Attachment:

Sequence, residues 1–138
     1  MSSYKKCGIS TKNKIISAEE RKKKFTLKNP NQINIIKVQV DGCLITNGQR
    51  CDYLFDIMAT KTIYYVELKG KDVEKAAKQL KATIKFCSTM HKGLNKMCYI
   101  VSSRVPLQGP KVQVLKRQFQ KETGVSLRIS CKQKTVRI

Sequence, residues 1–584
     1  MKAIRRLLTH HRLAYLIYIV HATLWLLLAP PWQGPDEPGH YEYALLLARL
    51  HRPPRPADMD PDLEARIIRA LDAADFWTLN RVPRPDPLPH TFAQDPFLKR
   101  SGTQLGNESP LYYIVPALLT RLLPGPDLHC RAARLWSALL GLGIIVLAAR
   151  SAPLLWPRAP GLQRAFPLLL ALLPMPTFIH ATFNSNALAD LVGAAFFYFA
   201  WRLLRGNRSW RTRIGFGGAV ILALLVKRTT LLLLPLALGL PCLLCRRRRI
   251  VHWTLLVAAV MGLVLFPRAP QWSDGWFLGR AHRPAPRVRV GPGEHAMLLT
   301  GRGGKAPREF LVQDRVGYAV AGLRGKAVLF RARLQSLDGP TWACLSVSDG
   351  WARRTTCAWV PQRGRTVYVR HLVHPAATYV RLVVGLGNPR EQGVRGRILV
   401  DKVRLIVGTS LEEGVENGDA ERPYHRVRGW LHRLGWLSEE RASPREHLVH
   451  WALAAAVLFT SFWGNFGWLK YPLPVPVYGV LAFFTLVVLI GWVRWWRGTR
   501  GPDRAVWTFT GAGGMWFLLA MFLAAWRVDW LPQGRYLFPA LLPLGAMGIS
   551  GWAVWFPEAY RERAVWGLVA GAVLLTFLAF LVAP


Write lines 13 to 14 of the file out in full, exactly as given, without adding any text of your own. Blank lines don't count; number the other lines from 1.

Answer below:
   351  WARRTTCAWV PQRGRTVYVR HLVHPAATYV RLVVGLGNPR EQGVRGRILV
   401  DKVRLIVGTS LEEGVENGDA ERPYHRVRGW LHRLGWLSEE RASPREHLVH